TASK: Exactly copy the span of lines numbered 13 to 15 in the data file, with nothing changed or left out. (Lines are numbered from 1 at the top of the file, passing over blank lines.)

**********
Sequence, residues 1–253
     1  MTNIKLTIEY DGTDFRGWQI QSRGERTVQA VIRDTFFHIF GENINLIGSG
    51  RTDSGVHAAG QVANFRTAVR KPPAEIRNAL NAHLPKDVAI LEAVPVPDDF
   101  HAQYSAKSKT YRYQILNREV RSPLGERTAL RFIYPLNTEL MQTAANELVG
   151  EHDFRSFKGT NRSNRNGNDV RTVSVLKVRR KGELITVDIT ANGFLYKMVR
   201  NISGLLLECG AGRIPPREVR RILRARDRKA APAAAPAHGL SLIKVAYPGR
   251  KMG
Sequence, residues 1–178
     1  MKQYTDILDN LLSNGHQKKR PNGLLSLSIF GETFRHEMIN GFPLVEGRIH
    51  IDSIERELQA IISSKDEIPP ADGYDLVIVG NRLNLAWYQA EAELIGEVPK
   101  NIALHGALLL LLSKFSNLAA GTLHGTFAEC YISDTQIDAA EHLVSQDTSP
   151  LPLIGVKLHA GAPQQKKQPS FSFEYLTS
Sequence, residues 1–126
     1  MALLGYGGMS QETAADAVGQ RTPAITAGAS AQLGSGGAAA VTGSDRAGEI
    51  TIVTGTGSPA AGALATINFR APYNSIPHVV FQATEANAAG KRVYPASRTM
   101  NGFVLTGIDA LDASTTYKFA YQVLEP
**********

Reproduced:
Sequence, residues 1–126
     1  MALLGYGGMS QETAADAVGQ RTPAITAGAS AQLGSGGAAA VTGSDRAGEI
    51  TIVTGTGSPA AGALATINFR APYNSIPHVV FQATEANAAG KRVYPASRTM